The Blockchain Revolution. The truth is that the blockchain technology undergirding cryptocurrencies is revolutionizing many parts of the banking and financial sectors. The value of the blockchain is that it provides a distributed ledger, enabling guaranteed access to an identical copy of encrypted ledger data. Many early-stage companies around the world are now vying to leverage distributed ledgers to streamline public sector functions, including identity managementhealth care, and real estate.

In fact, the World Bank and the Commonwealth Bank of Australia have recently issued public bonds exclusively through blockchain technology. Indeed, Estonia has emerged as a global leader in leveraging blockchain to digitize governance. Estonia’s digital infrastructure is built on an open-source backbone, which the country first instituted in 2001.

The Future of ICO Regulation. Despite attempts at regulation offered by governments around the world, the rise of cryptocurrencies remains a problem. The U.S. approach to regulating the industry has been to work with its current laws rather than introduce new ones. This approach has been arguably short-sighted. The vacuum in effective regulation has ensured that market manipulation remains a very real risk. Without some degree of protection for investors, for example, this has meant that institutional investors remain on the sidelines, limiting the size of the market.

Many entrepreneurs remain afraid of punishment by the SEC for naïve mistakes. Meanwhile, regulatory uncertainty limits the kinds of investors pursuing cryptocurrencies. This trend may be changing, but it will require some creative solutions to regulate the market. These solutions include better policing to reduce the number of phony ICOs, developing effective regulations through coordination between government and industry, developing proper assurance systems to protect investors against fraud, and creating institutional grade custody solutions to safeguard crypto assets.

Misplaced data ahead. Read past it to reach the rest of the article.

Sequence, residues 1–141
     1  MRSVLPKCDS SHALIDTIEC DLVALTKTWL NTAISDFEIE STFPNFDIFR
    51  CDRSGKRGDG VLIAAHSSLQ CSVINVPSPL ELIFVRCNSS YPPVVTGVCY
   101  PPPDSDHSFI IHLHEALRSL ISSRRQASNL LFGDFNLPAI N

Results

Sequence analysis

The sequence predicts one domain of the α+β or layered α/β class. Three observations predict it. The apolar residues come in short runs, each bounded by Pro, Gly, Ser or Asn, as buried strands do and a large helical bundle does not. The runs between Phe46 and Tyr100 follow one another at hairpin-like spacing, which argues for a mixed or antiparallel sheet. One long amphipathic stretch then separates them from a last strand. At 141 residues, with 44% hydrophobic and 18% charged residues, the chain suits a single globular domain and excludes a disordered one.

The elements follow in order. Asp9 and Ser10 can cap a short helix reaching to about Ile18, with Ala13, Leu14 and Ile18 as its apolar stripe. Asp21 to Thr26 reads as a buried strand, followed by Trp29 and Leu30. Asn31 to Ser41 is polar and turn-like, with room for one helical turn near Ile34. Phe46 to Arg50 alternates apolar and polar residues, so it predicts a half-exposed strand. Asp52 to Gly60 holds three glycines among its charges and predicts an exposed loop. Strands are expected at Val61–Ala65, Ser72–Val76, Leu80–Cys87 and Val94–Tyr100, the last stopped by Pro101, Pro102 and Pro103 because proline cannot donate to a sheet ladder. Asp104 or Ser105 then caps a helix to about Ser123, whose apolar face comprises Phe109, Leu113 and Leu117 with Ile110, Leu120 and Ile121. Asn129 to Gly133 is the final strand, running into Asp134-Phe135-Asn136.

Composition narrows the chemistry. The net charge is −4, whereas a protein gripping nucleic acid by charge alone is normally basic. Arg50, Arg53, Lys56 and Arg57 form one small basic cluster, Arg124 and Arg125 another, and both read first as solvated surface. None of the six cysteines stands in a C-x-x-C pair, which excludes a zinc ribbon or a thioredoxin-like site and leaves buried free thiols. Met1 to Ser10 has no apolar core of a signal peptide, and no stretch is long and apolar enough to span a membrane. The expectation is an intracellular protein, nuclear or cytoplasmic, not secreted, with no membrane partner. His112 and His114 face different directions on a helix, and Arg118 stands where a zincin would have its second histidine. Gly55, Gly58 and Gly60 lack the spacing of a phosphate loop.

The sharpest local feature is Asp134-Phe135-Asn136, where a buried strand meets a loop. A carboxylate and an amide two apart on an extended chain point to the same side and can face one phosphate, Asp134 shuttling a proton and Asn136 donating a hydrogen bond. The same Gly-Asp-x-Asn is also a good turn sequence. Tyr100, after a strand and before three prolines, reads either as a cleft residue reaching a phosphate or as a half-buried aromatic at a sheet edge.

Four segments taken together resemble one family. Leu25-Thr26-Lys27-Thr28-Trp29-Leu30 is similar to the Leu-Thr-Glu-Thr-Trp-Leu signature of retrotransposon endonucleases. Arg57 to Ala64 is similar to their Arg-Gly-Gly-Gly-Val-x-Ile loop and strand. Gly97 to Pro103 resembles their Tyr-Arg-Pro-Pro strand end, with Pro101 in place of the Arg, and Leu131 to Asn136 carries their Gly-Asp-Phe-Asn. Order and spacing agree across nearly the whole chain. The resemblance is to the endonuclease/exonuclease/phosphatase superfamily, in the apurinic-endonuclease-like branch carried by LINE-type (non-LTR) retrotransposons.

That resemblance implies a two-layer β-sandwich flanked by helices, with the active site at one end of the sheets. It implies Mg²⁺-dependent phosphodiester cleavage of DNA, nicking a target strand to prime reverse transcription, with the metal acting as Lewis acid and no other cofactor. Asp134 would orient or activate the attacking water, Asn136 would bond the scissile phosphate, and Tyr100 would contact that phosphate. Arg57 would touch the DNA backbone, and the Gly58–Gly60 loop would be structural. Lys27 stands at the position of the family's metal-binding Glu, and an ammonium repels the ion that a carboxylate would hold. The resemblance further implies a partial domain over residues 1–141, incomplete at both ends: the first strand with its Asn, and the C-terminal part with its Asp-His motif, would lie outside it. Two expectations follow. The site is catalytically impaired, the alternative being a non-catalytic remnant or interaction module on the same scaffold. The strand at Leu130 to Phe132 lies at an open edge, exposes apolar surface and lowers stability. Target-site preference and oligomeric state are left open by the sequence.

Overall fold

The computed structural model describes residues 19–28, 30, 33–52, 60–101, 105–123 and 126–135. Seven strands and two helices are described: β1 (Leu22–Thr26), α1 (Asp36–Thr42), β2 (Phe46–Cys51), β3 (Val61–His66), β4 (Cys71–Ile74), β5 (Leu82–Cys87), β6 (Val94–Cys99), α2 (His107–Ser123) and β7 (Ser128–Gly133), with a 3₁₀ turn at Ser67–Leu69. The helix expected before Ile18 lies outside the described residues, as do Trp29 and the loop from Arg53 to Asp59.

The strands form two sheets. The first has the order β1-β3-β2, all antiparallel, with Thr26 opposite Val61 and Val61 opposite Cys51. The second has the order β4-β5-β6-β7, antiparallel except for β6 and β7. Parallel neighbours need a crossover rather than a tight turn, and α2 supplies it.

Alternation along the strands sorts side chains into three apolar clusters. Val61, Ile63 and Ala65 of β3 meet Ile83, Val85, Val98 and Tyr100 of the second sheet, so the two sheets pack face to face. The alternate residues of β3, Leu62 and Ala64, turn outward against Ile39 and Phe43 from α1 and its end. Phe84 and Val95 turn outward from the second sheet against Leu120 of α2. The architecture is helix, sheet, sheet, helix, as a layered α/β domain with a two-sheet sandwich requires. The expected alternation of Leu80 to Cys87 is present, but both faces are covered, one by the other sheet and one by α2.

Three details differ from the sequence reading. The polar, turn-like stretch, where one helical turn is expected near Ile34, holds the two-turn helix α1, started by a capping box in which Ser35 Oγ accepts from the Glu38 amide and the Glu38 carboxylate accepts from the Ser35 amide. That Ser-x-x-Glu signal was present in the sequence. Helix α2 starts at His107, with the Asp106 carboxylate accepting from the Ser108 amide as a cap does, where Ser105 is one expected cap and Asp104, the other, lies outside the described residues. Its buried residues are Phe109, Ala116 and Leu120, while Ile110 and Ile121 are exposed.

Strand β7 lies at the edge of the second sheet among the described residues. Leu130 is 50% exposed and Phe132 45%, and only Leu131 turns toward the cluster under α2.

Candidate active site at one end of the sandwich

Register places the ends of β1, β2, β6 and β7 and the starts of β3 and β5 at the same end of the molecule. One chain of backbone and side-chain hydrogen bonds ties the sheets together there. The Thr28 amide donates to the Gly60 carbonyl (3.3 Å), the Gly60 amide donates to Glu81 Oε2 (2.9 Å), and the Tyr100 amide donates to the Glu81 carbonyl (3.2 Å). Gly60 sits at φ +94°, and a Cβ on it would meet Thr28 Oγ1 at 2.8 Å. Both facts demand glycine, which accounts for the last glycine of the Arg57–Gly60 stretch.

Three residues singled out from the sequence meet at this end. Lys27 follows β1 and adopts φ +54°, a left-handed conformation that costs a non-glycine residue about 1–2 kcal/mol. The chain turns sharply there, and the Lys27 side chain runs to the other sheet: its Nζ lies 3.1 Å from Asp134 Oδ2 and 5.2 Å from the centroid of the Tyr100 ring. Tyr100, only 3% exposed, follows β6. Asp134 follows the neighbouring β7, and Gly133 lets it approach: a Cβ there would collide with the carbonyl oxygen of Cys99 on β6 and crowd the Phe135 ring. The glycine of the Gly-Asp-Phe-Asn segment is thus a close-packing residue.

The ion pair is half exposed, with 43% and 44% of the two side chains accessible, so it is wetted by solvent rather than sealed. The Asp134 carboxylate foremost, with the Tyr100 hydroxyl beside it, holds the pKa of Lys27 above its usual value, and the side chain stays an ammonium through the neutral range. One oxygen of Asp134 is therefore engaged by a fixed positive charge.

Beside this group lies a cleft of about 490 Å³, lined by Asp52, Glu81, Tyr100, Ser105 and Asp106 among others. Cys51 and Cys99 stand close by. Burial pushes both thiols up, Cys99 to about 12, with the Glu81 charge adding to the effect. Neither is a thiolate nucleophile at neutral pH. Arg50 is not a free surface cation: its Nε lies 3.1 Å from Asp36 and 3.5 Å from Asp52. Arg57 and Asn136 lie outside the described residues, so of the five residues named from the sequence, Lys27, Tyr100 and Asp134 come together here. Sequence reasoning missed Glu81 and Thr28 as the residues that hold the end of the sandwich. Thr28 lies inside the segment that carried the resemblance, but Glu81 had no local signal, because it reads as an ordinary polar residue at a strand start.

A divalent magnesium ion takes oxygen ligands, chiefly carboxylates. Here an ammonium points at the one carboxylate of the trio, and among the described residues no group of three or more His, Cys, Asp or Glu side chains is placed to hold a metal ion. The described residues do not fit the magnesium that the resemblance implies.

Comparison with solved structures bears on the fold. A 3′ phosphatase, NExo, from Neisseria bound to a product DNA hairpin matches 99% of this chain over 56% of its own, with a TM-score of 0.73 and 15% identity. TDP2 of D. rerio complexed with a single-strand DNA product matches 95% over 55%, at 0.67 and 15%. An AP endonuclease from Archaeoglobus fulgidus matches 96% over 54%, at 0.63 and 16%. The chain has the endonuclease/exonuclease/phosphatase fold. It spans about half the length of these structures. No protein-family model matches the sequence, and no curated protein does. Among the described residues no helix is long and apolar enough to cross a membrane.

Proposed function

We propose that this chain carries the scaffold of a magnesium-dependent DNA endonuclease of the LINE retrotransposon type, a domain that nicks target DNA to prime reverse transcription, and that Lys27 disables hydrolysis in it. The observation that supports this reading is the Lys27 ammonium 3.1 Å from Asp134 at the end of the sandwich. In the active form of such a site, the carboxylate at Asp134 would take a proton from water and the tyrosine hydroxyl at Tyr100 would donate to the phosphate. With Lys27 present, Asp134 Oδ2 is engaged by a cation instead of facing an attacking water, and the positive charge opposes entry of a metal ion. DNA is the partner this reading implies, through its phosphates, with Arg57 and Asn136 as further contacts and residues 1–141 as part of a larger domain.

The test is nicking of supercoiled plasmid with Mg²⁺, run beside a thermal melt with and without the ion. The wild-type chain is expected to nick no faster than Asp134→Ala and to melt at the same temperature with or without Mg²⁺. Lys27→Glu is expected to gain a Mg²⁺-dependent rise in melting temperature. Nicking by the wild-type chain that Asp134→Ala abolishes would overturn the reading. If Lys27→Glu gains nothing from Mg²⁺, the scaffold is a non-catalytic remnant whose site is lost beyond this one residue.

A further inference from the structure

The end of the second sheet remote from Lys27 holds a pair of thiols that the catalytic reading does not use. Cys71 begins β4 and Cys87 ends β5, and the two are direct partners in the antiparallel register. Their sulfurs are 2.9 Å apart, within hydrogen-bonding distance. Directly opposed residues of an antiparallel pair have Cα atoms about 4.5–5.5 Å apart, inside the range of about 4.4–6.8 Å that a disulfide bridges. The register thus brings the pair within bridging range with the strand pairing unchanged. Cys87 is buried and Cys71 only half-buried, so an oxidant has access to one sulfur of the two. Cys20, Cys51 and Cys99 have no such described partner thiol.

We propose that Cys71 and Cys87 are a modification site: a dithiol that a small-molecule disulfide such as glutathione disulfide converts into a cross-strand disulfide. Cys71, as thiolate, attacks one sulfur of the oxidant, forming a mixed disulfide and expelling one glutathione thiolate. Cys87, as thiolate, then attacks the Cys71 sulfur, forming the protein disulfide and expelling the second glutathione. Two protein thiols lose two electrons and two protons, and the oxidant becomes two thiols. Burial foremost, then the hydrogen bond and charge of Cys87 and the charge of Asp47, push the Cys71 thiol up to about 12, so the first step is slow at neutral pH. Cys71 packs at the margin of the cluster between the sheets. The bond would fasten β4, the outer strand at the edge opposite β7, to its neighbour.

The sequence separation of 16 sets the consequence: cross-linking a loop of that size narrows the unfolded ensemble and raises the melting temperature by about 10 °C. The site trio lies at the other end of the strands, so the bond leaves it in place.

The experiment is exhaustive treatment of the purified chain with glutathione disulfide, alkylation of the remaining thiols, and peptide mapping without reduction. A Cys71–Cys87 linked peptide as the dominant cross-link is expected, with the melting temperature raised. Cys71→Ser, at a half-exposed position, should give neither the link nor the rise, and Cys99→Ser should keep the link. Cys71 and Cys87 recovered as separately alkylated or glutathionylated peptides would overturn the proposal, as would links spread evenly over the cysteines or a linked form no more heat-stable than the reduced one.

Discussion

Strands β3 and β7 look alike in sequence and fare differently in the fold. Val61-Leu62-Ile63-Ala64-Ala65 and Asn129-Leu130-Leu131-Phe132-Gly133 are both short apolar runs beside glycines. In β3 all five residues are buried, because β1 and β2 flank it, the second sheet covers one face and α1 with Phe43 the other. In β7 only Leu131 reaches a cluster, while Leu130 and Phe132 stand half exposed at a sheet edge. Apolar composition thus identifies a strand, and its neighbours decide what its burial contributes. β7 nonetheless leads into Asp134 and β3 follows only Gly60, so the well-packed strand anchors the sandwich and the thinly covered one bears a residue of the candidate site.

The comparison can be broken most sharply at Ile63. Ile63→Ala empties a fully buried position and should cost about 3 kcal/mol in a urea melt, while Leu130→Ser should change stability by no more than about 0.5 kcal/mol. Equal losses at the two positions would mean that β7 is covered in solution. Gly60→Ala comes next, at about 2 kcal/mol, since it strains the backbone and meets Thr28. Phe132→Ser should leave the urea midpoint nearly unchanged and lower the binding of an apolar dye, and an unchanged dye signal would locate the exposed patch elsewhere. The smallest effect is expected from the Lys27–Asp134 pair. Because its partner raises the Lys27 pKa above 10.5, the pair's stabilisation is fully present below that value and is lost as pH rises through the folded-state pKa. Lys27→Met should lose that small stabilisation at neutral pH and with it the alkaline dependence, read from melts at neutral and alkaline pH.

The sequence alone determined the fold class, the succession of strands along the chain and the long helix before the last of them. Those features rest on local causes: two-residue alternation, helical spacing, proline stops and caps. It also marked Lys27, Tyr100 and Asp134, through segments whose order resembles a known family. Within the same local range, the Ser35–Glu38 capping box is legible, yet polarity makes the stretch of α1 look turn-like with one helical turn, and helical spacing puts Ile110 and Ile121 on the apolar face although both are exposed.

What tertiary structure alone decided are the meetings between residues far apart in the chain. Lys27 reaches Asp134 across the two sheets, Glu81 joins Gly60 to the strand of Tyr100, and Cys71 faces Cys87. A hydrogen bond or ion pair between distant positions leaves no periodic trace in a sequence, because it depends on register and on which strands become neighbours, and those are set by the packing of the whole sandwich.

Going forward, we can be sure that ICOs and the cryptocurrency market as a whole will be increasingly subject to regulation. This is a very good thing. Regulating cryptocurrencies will mean that the herd-driven volatility exciting the market will decrease even as the value of cryptocurrencies continues to expand. Nonetheless, the current non-scalability of blockchains means that there remains significant work ahead. Add to this concern the fact that most cryptocurrencies have no intrinsic value beyond speculation, and this leaves room for tremendous disruption ahead.

Daniel Araya

Daniel Araya is a policy fellow at Sharing Cities.